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Applying CLTL to Drug Courts
by Judge Joseph Reardon (profile)

The Barnstable District Court has had a CLTL program in effect for over nine years. I have been the sole participating judge during this time and speak with some authority based upon empirical observations and consultation with my collegial CLTL facilitators. Our court also has had a substance-abuse program operating since January 2002. This program is called BAND, an acronym that stands for Barnstable Action for New Directions. (I am somewhat put off by the Drug Court label usually applied, as it connotes a message that is unacceptable in the community.)

Our BAND program has been very successful in restoring addicted men and women to the community, thereby closing the "revolving door" to the House of Corrections. All of the members of BAND have extensive records for criminal conduct. These are truly social pariahs of the community because they repeatedly disturb the peace of the community with their conduct while under the influence of their substance of choice.

As a judge, I followed the requirements of law and incarcerated these offenders, which temporarily removed them from any place where they could cause harm. However, I would soon again see them back before me, charged with offenses committed while under the influence of substances. Thus, the analogy to the revolving door. It was apparent that incarceration was not working to change the behavior of these offenders. In 2001, permission was granted by the Massachusetts Supreme Judicial Court for the creation of Drug Courts, and we seized upon this initiative, completed our mandatory training, and commenced operation.

It occurred to me, both during the course of training and thereafter in actual practice, that the principles and objectives of Drug Court methodology closely resembled that of CLTL. The end objective is to modify behavior, not by threat, punishment, or duress, but rather via a process that makes the offender want to change by presenting a different view of life, one that offers new choices in decision making and lifestyle choices. The next logical step was to integrate the CLTL model with the BAND protocol. This took some time because it was necessary to consult with both the treatment team and probation department members of BAND, as well as the CLTL probation officers and the college facilitator, to arrive at a consensus relative to the many unique issues concerning probationers enrolled in the BAND program.

We decided to conduct our first experimental CLTL class exclusively for BAND probationers in a mixed-gender class. We achieved absolutely remarkable participation from the class, which consisted of twelve BAND probationers, one line Probation Officer (Bill McCormack), one retired Probation Officer (Hank Burke), one BAND Case Manager (Susan Kelly), myself, and our expert Cape Cod Community College English Faculty facilitator, George Albert. We were reluctant to mix the genders, as our prior experience had not been positive. However, we believed that since this group was already gender integrated in BAND, i.e., had familiarity with one another in Intensive Outpatient Programming (IOP), attendance at AA/NA, and BAND in-court sessions, mixing gender in a CLTL class would not present a problem. We were correct in our belief, since the first mixed-gender class of BAND probationers was the most successful CLTL class we conducted in our nine-year existence.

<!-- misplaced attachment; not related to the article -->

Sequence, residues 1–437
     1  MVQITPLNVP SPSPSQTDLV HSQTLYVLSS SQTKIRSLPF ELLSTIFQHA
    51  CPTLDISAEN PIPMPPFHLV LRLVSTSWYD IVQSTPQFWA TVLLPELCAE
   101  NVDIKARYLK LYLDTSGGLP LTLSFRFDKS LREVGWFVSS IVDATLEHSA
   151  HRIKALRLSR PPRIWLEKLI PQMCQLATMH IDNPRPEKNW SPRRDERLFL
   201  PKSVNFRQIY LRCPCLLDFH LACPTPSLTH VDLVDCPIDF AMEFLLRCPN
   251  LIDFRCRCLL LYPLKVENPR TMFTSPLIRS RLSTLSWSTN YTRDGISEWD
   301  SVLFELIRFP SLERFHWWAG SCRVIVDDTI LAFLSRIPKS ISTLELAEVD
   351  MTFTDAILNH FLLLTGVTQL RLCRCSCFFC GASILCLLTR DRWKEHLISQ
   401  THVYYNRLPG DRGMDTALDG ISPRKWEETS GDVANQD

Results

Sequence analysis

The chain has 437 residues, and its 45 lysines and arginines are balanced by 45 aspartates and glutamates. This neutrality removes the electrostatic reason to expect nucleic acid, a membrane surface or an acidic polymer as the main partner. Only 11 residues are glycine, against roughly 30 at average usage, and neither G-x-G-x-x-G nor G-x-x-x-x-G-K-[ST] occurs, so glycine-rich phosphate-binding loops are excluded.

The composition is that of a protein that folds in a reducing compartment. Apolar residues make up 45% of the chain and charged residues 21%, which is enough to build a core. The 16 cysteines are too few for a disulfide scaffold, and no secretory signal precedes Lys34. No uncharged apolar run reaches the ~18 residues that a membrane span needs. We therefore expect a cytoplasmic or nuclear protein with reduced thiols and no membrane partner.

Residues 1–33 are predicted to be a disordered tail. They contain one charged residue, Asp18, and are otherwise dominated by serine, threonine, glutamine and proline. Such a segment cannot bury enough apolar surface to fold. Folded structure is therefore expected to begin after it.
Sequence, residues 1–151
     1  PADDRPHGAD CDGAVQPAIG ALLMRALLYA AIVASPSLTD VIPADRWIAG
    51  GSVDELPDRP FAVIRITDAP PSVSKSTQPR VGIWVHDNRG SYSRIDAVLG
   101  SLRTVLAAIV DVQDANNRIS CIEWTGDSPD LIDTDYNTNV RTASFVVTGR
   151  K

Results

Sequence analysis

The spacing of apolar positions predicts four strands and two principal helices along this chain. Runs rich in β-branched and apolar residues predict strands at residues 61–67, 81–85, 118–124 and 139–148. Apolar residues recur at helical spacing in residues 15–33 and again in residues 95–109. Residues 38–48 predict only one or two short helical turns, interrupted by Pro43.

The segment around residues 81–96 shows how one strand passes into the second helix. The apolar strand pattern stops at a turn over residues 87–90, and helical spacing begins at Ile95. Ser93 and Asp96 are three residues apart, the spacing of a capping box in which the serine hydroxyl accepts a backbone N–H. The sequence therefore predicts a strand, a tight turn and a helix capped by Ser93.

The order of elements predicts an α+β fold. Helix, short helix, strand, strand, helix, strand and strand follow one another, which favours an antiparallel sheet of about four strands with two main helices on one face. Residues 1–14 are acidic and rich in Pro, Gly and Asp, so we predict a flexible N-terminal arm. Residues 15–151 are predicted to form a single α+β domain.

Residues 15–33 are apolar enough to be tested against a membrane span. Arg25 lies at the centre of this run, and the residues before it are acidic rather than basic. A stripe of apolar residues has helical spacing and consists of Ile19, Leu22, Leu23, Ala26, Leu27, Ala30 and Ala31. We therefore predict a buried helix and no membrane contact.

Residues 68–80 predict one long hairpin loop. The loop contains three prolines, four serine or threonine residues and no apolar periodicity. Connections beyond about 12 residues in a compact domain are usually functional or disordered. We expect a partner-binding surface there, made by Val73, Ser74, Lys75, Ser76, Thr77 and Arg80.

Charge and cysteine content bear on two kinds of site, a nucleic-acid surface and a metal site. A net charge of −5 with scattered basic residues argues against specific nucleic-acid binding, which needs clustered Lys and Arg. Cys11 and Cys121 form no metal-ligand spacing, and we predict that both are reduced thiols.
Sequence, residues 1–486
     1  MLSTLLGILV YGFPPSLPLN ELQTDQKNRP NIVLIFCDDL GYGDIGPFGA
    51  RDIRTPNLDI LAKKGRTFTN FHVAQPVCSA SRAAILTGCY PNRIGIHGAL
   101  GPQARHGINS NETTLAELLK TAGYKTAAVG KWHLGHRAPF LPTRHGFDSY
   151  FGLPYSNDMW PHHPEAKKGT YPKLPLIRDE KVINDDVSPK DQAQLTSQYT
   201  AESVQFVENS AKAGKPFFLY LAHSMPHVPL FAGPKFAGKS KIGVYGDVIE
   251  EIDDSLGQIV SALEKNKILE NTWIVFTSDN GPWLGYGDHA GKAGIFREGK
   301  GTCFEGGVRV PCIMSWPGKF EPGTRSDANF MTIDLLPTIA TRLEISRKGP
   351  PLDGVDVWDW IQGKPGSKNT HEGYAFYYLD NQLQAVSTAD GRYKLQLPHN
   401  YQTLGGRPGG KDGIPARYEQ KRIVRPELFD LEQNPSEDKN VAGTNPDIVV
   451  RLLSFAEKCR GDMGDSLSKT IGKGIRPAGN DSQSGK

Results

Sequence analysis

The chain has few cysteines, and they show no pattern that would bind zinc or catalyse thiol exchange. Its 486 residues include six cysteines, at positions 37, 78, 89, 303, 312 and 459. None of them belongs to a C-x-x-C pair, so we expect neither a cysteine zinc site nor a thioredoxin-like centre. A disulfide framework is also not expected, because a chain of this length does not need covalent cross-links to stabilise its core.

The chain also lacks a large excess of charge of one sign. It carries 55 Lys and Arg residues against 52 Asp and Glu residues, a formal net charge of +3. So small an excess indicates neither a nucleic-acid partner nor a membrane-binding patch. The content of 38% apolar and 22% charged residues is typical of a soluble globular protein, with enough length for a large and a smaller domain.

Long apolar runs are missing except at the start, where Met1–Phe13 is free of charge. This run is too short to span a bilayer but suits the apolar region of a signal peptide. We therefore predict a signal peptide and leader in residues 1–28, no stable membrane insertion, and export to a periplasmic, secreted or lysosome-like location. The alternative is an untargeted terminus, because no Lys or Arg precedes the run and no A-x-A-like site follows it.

The contribution of each participant was at a higher, more intense, and more emotional level than we had previously seen. I attribute this to the BAND programming, in which self-examination and self-honesty are stressed as essential components of recovery. The BAND group members explore with each other the path to recovery and do not let any one member of the group hide behind a false facade of exaggerated ego, prideful bravado, or self-deceit. Everyone learns to speak out in fearless honesty as each member is challenged by the group to participate. Bringing this same level of introspection to the literature we read resulted in a degree of insightfulness not previously found.

The intensity of the involvement of the BAND participants led us to conclude that a mixed-gender class of BAND and regular probationers was worth trying. It also was remarkable because the enhanced level and intensity of the BAND members was contagious, and all of the probationers in this mixed-gender class were challenged by the literature and engaged in discussion that was superior to any we had previously experienced. The men were not intimidated by the women, and neither were the women intimidated or constrained by the presence of the men.

The end result of this experiment was a plus for both the BAND and traditional probation members. I am also very mindful of the upside for us as facilitators, who were rewarded with class participation and insights that we had not previously seen. It had an invigorating effect on us, which renewed our commitment to CLTL. If you have a drug court program you must adopt CLTL as a component of treatment. The rewards are spectacular.

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